Not once in the long evening of lonely terror, not when he had first heard himself talking aloud, not when he had dashed at his wife's portrait, not when he had faced the thought of madness, had Mr. Montagu had such a shock. An eternally lost soul, a damned thing staring at paradise, seemed to gaze at him out of the boy's eyes. He thought he was seeing all the sins of the world in them, yet the look was appallingly innocent. He seemed to be discovering those sins in the dark, ravening eyes, but to be feeling them in himself as if the forgotten, ignored innermost of his own life were quaking with guilt under the spell of this staring presence. In the state of horrified sympathy to which it had precipitated him, he morbidly felt almost responsible for the brooding evil in the boy as well as aghast at it. But even this sense of sin, implying as it did a skeleton of naked, primal right and wrong seemed of small import to his astounded mind beside the nameless, unmentionable sorrow that pervaded the face and stabbed at Henry Montagu's heart. He knew without question that he was looking at tragedy—worse than he had supposed the world could hold or any human thing, in any world, be subject to. It was a man's face in every line and poise and suggestion, but for all its frightful knowledge he had to call it beautiful—the clear-cut word “handsome” ran away from it like a mouse into a hole, leaving it a superb horror that, as soon as his paralyzed muscles could respond to his instinct, drove his hand to his face to shut away the deliberate, searching gaze.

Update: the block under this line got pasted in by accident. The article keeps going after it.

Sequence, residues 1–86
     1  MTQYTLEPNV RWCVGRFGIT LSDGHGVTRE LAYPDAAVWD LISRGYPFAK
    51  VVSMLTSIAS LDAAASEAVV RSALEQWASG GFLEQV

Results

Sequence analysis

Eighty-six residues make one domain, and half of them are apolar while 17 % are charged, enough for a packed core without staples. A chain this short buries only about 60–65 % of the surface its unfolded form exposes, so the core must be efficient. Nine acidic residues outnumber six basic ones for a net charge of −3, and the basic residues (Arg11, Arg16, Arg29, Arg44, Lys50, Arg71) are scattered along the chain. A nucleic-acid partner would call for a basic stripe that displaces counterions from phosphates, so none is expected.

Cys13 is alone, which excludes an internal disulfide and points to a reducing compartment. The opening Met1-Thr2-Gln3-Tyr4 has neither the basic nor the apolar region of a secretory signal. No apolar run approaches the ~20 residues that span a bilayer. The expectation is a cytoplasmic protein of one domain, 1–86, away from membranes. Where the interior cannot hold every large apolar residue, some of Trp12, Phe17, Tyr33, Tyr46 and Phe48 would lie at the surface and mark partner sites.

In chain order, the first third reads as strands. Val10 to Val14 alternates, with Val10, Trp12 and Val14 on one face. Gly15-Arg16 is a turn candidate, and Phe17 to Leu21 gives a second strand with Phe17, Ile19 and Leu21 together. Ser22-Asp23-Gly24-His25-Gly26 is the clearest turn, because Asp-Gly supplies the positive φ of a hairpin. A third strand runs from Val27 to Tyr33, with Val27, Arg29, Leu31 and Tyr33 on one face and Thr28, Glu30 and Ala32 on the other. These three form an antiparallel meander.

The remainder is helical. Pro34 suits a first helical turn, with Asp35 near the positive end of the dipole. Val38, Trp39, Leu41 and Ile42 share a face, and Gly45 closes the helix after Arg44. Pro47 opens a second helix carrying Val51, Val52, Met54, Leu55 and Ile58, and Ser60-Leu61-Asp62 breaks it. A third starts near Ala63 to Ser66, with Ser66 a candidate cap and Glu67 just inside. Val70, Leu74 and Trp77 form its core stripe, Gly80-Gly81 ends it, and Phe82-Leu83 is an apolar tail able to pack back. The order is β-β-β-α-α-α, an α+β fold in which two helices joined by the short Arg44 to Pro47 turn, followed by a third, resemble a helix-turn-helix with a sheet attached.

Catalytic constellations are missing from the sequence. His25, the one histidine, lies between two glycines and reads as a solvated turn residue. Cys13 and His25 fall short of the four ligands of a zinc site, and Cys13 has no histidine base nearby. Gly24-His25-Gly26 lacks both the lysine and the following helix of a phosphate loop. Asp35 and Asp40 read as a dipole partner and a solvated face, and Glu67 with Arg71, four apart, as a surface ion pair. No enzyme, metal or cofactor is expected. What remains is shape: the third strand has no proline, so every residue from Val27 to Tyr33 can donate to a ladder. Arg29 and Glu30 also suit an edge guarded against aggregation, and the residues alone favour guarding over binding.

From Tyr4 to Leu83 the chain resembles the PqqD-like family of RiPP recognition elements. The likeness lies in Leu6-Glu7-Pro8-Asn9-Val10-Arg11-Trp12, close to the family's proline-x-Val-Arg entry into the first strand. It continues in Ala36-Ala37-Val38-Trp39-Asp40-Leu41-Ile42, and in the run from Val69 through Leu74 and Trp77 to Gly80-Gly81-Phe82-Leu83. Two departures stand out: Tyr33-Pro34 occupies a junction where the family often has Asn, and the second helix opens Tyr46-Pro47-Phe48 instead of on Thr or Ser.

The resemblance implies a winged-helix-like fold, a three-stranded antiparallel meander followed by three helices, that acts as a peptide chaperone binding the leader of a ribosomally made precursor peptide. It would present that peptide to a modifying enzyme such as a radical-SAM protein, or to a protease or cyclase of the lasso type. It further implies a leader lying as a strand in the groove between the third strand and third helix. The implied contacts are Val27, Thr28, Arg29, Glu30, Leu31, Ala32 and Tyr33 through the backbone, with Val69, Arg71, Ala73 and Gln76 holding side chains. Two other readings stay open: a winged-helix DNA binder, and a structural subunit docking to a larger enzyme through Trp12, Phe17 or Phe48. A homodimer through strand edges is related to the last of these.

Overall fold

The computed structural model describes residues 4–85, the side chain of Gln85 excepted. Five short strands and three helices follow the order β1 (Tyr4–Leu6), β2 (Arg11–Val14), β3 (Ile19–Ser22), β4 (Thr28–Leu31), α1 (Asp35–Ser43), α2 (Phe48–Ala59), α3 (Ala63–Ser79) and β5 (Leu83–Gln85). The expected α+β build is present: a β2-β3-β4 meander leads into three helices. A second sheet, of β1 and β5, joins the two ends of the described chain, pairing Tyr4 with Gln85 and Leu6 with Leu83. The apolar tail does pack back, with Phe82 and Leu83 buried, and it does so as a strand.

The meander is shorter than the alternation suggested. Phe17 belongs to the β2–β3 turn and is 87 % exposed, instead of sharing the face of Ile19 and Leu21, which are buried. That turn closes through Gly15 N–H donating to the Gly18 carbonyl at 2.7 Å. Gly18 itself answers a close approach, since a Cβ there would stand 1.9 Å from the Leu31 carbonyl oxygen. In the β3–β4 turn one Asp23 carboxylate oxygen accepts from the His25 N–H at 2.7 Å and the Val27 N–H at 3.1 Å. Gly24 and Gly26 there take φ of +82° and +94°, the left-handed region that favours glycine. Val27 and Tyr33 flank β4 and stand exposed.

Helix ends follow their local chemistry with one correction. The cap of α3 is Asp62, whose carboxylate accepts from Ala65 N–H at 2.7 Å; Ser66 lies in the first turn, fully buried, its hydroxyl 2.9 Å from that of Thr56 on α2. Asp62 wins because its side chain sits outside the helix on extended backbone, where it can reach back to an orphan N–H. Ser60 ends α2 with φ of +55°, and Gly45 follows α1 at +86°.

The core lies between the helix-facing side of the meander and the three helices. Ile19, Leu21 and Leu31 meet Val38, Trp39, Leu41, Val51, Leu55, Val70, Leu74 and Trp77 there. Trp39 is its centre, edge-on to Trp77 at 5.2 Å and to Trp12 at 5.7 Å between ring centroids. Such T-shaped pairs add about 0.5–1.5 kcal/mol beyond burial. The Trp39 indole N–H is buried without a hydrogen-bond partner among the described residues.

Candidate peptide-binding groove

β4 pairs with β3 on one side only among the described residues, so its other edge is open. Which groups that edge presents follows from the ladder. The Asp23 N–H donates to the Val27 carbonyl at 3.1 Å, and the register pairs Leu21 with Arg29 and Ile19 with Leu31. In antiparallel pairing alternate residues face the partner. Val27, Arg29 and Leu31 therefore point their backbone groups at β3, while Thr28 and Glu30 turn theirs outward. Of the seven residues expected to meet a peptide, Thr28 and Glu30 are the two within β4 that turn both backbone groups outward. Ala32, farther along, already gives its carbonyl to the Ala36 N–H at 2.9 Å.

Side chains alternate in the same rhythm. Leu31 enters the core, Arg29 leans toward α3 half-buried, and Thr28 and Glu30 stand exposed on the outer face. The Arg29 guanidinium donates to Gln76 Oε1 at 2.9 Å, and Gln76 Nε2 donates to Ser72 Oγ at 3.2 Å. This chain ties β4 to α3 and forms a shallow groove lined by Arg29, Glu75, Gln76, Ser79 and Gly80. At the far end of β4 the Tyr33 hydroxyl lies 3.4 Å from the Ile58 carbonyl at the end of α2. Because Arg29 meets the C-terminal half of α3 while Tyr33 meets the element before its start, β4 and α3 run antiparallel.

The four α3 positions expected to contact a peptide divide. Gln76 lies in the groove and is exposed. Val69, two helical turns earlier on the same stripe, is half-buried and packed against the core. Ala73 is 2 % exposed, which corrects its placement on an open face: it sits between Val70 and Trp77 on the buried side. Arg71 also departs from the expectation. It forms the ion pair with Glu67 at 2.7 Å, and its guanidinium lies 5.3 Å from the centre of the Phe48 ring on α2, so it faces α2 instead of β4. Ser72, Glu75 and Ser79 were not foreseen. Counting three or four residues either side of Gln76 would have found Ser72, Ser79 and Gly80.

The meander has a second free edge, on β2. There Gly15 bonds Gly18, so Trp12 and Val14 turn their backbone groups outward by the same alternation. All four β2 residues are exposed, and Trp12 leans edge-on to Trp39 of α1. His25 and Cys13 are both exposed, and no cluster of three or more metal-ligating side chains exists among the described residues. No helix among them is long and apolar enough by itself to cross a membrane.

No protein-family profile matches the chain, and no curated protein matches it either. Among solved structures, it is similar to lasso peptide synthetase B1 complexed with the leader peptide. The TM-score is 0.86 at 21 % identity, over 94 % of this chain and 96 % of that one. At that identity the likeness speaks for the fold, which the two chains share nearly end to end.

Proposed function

“Done?” answered the young fellow at last. “What have I done? Good God!

For the third time, it was one of his own three exclamations totally new to him that night, and the coincidence drove home to him, this time, with a sense of omen. But his guest was speaking again, and, forcing himself to look calmly at the tragic face he listened breathlessly.